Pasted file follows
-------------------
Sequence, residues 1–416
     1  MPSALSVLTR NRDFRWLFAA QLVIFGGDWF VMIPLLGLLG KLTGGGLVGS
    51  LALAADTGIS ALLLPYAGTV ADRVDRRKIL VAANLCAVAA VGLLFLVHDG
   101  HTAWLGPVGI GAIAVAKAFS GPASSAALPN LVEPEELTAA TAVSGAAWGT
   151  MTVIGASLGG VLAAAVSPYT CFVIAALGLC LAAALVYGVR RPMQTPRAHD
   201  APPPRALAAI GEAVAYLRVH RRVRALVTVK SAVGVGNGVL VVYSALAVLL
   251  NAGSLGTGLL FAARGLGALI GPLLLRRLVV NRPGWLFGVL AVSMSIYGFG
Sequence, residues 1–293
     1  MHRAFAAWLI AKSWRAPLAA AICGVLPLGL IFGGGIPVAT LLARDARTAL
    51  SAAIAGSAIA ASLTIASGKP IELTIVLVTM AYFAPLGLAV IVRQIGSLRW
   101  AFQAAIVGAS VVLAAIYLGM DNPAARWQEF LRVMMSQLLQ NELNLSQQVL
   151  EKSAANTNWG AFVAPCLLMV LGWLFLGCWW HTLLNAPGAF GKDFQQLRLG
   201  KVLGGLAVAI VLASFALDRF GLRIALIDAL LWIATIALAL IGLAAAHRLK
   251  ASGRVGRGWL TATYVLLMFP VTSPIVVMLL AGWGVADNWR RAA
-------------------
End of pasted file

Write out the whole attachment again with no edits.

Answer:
Sequence, residues 1–416
     1  MPSALSVLTR NRDFRWLFAA QLVIFGGDWF VMIPLLGLLG KLTGGGLVGS
    51  LALAADTGIS ALLLPYAGTV ADRVDRRKIL VAANLCAVAA VGLLFLVHDG
   101  HTAWLGPVGI GAIAVAKAFS GPASSAALPN LVEPEELTAA TAVSGAAWGT
   151  MTVIGASLGG VLAAAVSPYT CFVIAALGLC LAAALVYGVR RPMQTPRAHD
   201  APPPRALAAI GEAVAYLRVH RRVRALVTVK SAVGVGNGVL VVYSALAVLL
   251  NAGSLGTGLL FAARGLGALI GPLLLRRLVV NRPGWLFGVL AVSMSIYGFG
Sequence, residues 1–293
     1  MHRAFAAWLI AKSWRAPLAA AICGVLPLGL IFGGGIPVAT LLARDARTAL
    51  SAAIAGSAIA ASLTIASGKP IELTIVLVTM AYFAPLGLAV IVRQIGSLRW
   101  AFQAAIVGAS VVLAAIYLGM DNPAARWQEF LRVMMSQLLQ NELNLSQQVL
   151  EKSAANTNWG AFVAPCLLMV LGWLFLGCWW HTLLNAPGAF GKDFQQLRLG
   201  KVLGGLAVAI VLASFALDRF GLRIALIDAL LWIATIALAL IGLAAAHRLK
   251  ASGRVGRGWL TATYVLLMFP VTSPIVVMLL AGWGVADNWR RAA